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Burns. 1993 Jun;19(3):192-7.

Burns in the disabled.

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Ross Tilley Burn Centre, Wellesley Hospital, Toronto, Canada.


A retrospective analysis of 812 patients admitted to the Ross Tilley Burn Centre between 1984 and 1992 resulted in 37 cases of burn injuries which were directly related to premorbid disabilities. The majority of these burns (83.8 per cent) occurred in the patient's home, most commonly as scald injuries in the bath tub, the shower, or following hot water spills. Nineteen patients were male, 17 were female. The median age was 58 years. Six patients had spinal cord disorders: four had traumatic cord damage, two had spina bifida. Six patients had seizure disorders. Five of these patients had been taking anti-seizure medications, but all had subtherapeutic blood levels on admission to hospital. Two patients had diabetes mellitus with peripheral neuropathies. Thirteen patients had four miscellaneous neurological disorders, including: tardive dyskinesia (two), CVA (four), Parkinson's disease (two), Alzheimer's disease (two), cerebral palsy (one), multiple sclerosis (one) and blindness (one). Three patients had a diagnosis of syncope. Two patients had emphysema, and four were morbidly obese. The average length of stay (LOS) for the disabled patients was 27.6 days for a median burn size of 10 per cent body surface area (BSA), compared to an average LOS for the general population of 25.7 days for a larger median burn size of 21 per cent BSA. The mortality rate was also much higher in the disabled population (22.2 per cent vs. 6.0 per cent). Most of these burn injuries were preventable. A series of burn prevention guidelines is presented, in an attempt to reduce the incidence of these burn injuries in disabled patients.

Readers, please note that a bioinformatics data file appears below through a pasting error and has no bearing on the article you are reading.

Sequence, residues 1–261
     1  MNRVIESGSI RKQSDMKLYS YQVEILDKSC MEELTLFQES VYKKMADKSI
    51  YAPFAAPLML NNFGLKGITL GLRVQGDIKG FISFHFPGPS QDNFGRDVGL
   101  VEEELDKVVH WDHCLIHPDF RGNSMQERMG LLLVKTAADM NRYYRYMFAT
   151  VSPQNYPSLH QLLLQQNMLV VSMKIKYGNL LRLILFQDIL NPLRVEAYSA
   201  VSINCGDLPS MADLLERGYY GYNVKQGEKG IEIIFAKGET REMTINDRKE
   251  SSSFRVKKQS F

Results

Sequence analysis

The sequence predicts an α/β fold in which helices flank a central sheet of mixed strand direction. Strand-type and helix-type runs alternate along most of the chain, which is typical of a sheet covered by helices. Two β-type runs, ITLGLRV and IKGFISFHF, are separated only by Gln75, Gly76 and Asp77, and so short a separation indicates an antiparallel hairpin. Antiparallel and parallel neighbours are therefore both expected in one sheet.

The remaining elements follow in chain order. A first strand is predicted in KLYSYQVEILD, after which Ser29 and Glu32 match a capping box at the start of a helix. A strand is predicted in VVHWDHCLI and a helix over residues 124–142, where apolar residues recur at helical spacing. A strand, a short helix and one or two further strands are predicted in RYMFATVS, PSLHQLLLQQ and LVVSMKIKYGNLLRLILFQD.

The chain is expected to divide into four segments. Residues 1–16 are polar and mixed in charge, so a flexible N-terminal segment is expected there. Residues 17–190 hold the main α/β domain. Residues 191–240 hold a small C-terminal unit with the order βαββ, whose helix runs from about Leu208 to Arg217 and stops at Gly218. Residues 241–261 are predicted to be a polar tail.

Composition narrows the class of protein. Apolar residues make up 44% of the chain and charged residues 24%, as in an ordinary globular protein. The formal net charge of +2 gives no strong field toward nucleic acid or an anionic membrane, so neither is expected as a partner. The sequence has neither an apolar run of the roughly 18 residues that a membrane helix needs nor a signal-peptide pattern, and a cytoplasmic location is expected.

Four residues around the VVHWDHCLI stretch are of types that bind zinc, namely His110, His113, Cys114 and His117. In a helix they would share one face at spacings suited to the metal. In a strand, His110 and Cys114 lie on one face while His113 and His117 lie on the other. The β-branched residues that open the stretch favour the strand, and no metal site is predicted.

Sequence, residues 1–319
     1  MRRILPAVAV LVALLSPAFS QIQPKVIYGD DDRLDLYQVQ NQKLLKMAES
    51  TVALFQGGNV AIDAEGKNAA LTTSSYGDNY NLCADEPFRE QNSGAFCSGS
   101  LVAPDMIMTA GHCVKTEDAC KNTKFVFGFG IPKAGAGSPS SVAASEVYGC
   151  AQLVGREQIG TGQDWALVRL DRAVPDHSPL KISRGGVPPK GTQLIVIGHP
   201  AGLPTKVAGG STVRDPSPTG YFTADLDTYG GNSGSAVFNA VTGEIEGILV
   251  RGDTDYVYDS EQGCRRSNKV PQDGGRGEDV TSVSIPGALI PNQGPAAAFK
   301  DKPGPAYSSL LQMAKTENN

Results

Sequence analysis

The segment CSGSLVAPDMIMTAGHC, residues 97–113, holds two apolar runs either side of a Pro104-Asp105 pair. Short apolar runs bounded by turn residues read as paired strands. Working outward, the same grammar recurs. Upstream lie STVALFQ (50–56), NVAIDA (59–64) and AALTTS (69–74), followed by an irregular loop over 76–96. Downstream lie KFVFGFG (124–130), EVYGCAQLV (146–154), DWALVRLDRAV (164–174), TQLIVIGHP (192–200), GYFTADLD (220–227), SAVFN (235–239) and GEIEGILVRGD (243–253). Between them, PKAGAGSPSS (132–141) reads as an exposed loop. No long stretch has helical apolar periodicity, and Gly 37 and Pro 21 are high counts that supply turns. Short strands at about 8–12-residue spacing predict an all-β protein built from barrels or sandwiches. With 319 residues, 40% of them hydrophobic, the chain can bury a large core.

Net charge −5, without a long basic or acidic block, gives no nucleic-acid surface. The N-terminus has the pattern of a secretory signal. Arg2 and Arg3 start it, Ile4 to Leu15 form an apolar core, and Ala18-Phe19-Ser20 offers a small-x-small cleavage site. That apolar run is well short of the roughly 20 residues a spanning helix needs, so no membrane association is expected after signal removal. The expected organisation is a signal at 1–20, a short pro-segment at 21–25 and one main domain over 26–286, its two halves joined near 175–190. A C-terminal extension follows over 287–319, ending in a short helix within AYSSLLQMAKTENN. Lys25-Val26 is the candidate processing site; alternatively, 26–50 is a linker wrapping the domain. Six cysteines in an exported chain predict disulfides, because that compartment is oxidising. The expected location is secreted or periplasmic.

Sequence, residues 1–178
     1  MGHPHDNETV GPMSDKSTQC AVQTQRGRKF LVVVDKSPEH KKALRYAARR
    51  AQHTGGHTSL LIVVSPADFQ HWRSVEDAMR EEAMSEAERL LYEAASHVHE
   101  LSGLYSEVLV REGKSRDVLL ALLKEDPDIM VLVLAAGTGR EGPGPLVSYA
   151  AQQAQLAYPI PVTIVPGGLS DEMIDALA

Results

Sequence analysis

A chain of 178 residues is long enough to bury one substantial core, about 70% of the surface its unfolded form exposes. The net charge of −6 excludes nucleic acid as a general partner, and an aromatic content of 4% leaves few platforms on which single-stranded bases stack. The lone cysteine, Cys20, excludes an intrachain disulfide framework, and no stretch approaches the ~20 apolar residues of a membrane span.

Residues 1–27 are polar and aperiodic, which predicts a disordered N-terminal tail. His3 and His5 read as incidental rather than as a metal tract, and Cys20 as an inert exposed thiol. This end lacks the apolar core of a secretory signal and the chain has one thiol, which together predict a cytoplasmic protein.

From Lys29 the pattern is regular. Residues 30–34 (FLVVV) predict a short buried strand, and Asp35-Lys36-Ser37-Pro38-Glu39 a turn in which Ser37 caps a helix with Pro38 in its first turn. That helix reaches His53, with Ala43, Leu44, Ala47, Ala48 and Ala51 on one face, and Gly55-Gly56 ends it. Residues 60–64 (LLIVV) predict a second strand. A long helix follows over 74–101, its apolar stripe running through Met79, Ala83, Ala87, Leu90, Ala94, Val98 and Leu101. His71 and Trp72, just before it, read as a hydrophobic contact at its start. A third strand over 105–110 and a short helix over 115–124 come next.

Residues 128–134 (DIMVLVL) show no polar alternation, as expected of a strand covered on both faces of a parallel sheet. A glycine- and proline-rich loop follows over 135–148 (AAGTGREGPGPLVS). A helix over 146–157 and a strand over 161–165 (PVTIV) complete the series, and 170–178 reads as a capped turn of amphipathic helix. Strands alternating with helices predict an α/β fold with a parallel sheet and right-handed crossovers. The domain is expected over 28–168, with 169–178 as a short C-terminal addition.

[Indexed for MEDLINE]

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